#9. This is where Jim Goldstone and I go to Paris and I learn to drink. I promised you we'd get to this.
Jim (now sadly departed) had the wild heart of a ten-year-old and was always up for a good time. He was a true family man with a bedrock wife named Cookie and three wonderful kids (one of whom I chauffeured to some concert in my old Ford Woody). Jim was the least narcissistic director I ever met. Maybe it was because he'd been raised in Hollywood show biz, but not as royalty; his father was a respected entertainment lawyer. So whatever it was, Jim had already seen it. Twice. Our mutual agents had put us together for a reason. And here it was:
Word was getting around about me -- clever but undisciplined, quick but careless, all character and dialogue, not much structure. In other words, too much puppy not enough Chow. They thought I'd be better off collaborating with a working director. Especially one who had just finished a big racing movie for Universal with Paul Newman.
And two star-struck British producers had just the project: a spy book called "Tricks of the Trade." I think it must be out of print now, but, as I recall it was a good story about a husband and wife spy team (ooo, oooo) chasing down their "MacGuffin," a steamer trunk full of spy-type goodies from Paris to Barcelona to the Gold Coast of Portugal to Buenos Aires to the Laurentian Mountains in Canada.
After we had several meetings with the producers, it was decided that Jim and I would do a little recky, a 1st class travel brochure struck to life. This was back in the insane, halcyon days when both the Directors' Guild and Writers' Guild had all 1st class travel mandates in their Minimum Basic Agreements.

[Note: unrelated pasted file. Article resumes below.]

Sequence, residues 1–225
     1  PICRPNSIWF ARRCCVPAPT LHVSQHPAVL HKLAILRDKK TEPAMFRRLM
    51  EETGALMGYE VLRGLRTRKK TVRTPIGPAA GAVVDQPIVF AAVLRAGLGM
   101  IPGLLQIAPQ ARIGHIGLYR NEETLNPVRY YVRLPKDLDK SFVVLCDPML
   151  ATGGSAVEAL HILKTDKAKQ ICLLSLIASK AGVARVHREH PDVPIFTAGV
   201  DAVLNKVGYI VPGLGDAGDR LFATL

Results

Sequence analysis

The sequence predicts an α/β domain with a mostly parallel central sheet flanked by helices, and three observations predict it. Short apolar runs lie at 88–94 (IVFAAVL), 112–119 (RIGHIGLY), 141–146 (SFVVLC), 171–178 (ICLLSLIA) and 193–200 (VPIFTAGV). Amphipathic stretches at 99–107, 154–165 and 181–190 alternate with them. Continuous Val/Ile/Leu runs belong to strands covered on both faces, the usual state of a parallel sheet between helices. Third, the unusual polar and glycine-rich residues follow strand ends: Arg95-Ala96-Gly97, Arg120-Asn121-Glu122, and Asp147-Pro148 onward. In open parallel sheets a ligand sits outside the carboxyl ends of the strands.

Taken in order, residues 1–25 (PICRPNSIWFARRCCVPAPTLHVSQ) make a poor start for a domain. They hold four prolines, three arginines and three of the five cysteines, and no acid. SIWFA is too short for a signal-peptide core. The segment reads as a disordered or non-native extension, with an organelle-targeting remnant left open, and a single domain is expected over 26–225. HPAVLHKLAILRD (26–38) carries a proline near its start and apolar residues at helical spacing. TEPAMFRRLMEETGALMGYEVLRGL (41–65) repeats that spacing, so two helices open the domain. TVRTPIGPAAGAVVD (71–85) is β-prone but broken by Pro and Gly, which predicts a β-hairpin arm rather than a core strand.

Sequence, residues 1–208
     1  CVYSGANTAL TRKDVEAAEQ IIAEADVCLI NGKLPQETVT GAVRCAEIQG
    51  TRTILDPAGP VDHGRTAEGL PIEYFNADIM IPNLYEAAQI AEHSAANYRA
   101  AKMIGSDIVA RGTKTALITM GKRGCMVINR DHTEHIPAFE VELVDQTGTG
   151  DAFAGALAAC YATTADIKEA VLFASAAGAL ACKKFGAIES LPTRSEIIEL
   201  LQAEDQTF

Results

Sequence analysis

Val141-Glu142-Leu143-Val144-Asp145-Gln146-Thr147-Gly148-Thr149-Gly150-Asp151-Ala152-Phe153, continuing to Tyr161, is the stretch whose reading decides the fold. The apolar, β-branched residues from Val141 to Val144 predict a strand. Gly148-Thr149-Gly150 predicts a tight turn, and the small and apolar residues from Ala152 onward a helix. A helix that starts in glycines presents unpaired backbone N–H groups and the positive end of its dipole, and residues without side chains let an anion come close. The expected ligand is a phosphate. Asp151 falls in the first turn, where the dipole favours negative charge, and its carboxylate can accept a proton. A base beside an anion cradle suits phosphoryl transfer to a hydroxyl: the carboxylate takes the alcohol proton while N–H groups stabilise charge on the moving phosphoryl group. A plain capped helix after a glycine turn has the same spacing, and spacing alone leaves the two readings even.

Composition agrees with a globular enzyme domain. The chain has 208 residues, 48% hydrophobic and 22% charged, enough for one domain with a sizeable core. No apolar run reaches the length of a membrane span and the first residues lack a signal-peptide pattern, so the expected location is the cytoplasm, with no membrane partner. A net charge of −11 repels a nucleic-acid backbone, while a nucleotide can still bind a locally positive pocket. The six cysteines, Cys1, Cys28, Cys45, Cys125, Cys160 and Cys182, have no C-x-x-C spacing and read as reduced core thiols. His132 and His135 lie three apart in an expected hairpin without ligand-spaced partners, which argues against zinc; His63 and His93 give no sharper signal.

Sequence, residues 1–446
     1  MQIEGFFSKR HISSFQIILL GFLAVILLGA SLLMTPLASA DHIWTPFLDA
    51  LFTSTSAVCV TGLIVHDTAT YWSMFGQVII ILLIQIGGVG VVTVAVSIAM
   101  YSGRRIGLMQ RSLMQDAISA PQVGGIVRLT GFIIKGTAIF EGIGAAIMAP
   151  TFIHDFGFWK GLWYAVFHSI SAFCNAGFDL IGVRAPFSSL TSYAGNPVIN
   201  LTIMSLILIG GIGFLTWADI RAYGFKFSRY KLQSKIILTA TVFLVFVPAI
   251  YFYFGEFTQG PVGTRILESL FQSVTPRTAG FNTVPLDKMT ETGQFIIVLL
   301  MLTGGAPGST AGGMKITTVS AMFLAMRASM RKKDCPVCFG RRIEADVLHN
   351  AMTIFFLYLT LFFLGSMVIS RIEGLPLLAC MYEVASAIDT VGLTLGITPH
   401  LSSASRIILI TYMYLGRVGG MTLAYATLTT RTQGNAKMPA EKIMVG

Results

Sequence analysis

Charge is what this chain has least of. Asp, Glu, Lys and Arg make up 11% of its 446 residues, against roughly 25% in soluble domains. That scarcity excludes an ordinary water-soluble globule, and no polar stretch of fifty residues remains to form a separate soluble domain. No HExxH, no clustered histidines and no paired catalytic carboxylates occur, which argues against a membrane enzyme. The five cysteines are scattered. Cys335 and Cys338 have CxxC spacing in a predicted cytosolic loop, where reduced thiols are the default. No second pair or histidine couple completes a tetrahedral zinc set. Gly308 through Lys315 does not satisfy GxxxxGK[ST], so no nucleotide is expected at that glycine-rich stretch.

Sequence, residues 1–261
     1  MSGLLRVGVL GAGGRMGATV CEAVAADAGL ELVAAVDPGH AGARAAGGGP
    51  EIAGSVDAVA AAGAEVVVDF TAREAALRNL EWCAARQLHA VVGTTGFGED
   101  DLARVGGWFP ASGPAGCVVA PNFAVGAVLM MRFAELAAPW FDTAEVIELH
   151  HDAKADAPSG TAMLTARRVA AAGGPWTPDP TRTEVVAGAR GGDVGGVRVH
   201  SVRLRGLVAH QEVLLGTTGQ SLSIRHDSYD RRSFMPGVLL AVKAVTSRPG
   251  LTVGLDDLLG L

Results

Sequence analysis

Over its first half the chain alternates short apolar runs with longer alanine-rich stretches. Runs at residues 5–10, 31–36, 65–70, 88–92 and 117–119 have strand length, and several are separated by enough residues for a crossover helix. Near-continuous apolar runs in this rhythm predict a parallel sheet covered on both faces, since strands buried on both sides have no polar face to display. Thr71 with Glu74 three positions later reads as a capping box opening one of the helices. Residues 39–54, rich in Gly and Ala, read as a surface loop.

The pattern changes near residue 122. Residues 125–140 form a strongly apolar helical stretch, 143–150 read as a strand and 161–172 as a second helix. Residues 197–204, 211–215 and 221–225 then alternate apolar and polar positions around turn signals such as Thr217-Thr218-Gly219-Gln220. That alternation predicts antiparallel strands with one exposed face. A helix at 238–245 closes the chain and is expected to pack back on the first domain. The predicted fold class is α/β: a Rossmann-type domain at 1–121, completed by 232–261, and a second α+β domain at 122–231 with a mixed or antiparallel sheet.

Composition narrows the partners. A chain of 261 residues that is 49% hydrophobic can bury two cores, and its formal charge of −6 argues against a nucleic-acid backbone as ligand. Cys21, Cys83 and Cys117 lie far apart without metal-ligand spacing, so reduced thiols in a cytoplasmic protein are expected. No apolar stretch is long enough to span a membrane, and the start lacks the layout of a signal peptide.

It was the first limousine I had ever been in. It was so luxurious, so comfortable, so window-tinty quiet, I fell asleep in the back, going down LaBrea on our early morning way to the airport.
One of the things I loved about Jim was even though he'd been to Paris many times, he seemed as excited as I was. And when we got there, I wanted to go everywhere at once.
We set out walking from our piss-elegant little hotel suites to the Eiffel Tower and ran smack into about the worst city traffic jam I'd ever seen.
So this from my first Parisian day: An old lady trudging home from the bakery with a long loaf of bread sticking out of her shopping bag. All of us mired in the city traffic, a little Citroen pulled up and was stopped dead in the walkway, blocked by a thousand other cars. He looked helplessly out his window and shrugged. With that, the old woman wheeled out her baguette and began to beat his car, over and over and over until the loaf just flew apart. His terrified face was priceless.
Jim and I looked at each other with huge grins. "It's going in the movie," I said. "Dinner's on me," he replied. Here comes Plot Point One in my real life story. You'll see.
There is a fairly decent restaurant at the top of the Eiffel Tower. Maybe not four star, maybe not even three...but it's on the Eiffel Tower, bro, and it rotates! Jim and I were seated and the waiter came over, all tourist milking grin and took Jim's drink order as he handed us the menus. "I'm getting a Bloody Mary," said Jim. "What do you want?"